The typical Quadrumana are represented in India by species of three different types—namely, the genera Hylobates, Macacus and Semnopithecus. Of the Gibbons (Hylobates) no species occurs in the Peninsula of India proper. On the eastern side of the bay of Bengal, however, two of this genus are found-the H. hoolook and the H. lar. The former is the prevalent species in Arracan, and " extends thence over all the hill-ranges of Sylhet and Assam,” whilst the White-handed Gibbon (H. lar), also found in Assam, ranges southwards down the Malayan Peninsula to Malacca.
Of the Macaques, the well known “ Toque,” or Bonnet-Monkey (M. radiatus) is a common inhabitant of the forests of Southern India, ranging on the Coromandel side as far north as the Godavery. In Ceylon this species is replaced by the nearly allied M. pileatus, commonly, but incorrectly, called the “ Chinese” Bonnet-monkey. In Southern India also, we find the singular"Lion-Monkey" (Macacus silenus), often said to be from Ceylon, but of which the true home is “ Travancore and Cochin, and the Malabar ghâts as high as Goa.” In Central India and Bengal the Rhesus-monkey (M. rhesus), 80 common in European menageries is the only species of this form, unless the varieties distinguished by Hodgson* be deemed worthy of . a higher rank than what is generally accorded to them.
The genus Semnopithecus or Presbytes is better represented in Continental India, if we accept the claims of the various “ distinguishable races” of the S. entelles to be considered as specifically distinct. The true Hoonuman or Sacred Monkey, S. entellus (verus) of Mr. Blyth’s writings, is found only in Bengal and Upper India. In Southern India it is replaced by S. priamus of the Coromandel coast, and S. hypoleucus of the Malabar ghâts, in the Subhimalayan region by S. schistaceus. In Southern India is also found the distinct species S. cucullatus of the Nilgiris, Pulneys and Malabar ghâts. On the eastern side of the bay of Bengal, Mr. Blyth's S. pileatus appears to be a northern outlier of the S. cristatus of Sumatra. In Ceylon, besides the continental S. priamus, which is common in the north and east, we meet with S. thersites, S. ursinus, and S. cephalopterus. The former of these belongs to the true entellus group, the two latter are quite distinct, and more nearly allied to S. maurus. So that in British India we have some seven or eight representatives (belonging to two sections) of this group of Quadrumana.
The Lemuridæ are represented in India by two outlying strag. glers of this Æthiopian group, quite distinct in their geographical range, and although often united under one generic head, equally so in organization. The slender Loris (Loris gracilis) is found in Ceylon and Southern continental India. In Bengal, however, the only representative of this family is the Nyticebus tardigradus, or Slow Loris, which, like so many other animals of this district, is little more than a northern form of the scarcely separable N. javanicus.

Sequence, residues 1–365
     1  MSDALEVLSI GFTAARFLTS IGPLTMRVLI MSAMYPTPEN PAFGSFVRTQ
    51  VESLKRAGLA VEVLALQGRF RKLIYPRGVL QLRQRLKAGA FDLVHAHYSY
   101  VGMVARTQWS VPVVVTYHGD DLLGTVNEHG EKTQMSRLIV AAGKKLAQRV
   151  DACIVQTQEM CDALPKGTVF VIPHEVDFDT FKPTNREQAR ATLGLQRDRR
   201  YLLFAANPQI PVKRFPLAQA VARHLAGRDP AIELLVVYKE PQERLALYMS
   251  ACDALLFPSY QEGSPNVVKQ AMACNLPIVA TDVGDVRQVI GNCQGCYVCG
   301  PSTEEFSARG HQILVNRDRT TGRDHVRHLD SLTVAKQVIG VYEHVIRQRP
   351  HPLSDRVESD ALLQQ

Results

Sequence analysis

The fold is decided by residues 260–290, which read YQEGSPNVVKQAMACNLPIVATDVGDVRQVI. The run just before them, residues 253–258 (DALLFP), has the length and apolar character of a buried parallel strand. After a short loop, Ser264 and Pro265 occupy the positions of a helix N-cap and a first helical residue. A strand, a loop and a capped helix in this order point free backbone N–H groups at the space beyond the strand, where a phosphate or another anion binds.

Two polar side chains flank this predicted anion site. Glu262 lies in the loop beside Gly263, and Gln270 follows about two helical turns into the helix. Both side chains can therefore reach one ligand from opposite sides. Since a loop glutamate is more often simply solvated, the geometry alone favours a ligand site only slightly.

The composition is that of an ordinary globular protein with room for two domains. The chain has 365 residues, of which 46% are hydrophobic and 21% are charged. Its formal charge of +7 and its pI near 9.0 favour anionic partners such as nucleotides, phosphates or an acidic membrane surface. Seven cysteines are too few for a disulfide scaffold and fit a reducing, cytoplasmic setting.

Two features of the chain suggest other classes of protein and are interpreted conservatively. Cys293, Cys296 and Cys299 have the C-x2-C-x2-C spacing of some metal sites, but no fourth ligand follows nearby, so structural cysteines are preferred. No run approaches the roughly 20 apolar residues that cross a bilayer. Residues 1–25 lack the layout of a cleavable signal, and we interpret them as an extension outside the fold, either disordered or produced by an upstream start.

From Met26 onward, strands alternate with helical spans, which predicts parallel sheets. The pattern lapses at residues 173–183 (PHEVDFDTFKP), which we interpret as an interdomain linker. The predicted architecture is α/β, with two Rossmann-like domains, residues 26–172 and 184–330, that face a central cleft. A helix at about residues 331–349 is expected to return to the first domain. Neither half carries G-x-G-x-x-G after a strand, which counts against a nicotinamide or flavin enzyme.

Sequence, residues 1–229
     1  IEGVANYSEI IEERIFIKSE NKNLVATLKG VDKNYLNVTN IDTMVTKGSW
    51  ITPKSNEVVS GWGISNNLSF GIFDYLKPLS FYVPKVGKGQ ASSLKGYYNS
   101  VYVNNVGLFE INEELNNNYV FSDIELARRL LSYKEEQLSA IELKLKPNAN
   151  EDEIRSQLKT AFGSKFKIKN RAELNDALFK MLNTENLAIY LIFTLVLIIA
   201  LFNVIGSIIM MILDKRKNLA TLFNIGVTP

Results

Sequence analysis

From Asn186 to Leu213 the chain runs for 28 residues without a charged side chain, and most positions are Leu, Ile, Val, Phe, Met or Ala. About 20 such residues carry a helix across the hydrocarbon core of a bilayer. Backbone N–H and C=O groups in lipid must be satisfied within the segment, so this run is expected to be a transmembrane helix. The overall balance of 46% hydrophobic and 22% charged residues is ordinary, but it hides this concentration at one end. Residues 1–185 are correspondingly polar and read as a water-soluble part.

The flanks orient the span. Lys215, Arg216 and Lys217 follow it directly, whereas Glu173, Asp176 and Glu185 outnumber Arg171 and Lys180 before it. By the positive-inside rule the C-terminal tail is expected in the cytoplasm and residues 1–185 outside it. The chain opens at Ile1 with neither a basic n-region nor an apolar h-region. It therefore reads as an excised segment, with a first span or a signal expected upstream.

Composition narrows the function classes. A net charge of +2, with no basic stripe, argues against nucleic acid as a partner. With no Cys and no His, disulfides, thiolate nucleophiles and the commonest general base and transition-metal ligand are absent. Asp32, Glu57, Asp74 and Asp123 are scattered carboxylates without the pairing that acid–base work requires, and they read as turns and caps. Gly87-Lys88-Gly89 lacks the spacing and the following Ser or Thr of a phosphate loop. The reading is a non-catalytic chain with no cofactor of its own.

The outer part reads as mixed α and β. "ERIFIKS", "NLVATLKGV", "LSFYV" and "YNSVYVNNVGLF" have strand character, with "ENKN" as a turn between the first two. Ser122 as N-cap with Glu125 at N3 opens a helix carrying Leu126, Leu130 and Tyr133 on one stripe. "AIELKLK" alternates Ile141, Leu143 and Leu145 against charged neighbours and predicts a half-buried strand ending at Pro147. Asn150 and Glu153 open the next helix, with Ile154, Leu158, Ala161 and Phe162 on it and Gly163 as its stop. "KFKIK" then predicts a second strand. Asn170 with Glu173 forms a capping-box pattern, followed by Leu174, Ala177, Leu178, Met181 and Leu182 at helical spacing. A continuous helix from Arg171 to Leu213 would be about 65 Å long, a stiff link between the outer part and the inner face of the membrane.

The next great group of Mammals, following the arrangement of Mr. Blyth's catalogue, is very extensively diffused in our Indian doininions, as in most other parts of the world. But the Chiroptera
are at present in such a state of confusion both as regards genera and species—that we shall content ourselves by merely stating that Mr. Blyth records the existence of three Frugivorous* Bats in Continental India, and enumerates the names of about thirty-five others belonging to the Insectivorous families of the group.
Of the Carnivora of India, although many of the genera are still in a state of confusion, almost rivalling that of the Bats, and little creditable to Naturalists, we can speak rather more at length. The Indian Canidæ consist, according to Mr. Blyth's catalogue, of the Cuon ruiilans — the “Dhob” or “Wild Dog," as it is commonly called, the Canis pallipes, or Indian Wolf, the Jackal (C. aureus) and a fox, Vulpes bengalensis. Four other species of the latter genus are also recorded as inhabiting the Subhimalayan and north-western districts, but some of these require further examination. One species only of Hyena is found in India-namely, the widely diffused H. striata, which appears to have diffused itself from the true focus of this group in Africa throughout South-western Asia, and though not general in Lower Bengal, to extend its wanderings occasionally even to the gates of Calcutta. The more typical Viverridæ of India consist of the Viverra zibetha, or Indian Civet-still kept in cages in many parts of the country for the supply of the drug whence it obtains its name-as is likewise the Rasse Viverricula malaccensis, a smaller animal of the same type, and several species of Paradoxurus. In the same group, Mr. Blyth arranges the Subhimalayan representative of the genus Prionodon ; a small, but very bold and rapacious quadruped resembling Herpestes and Viverra in many particulars, but in its short close fur and other characters showing an affinity to the true Felidæ. The very singular Binturong (Artictis) likewise ranges from Sumatra along the hills of the Indian peninsula into Assam, and even as far north as Nepal, according to Mr. Blyth, while some seven species of Herpestes complete the list of Indian Viverridæ. The typical Felidæ which follow next in Mr. Blyth's catalogue are well represented in British India, at least 10 or 11 species of Felis being more or less common in various parts of the country-amongst which are the largest and finest forms of the genus, such as the Lion, now nearly extinct except in the
* Pteropus medius, Temm. (generally called erroncously P. cilwurilsii) Pt. leschenanltii aud Cynopterus marginatus.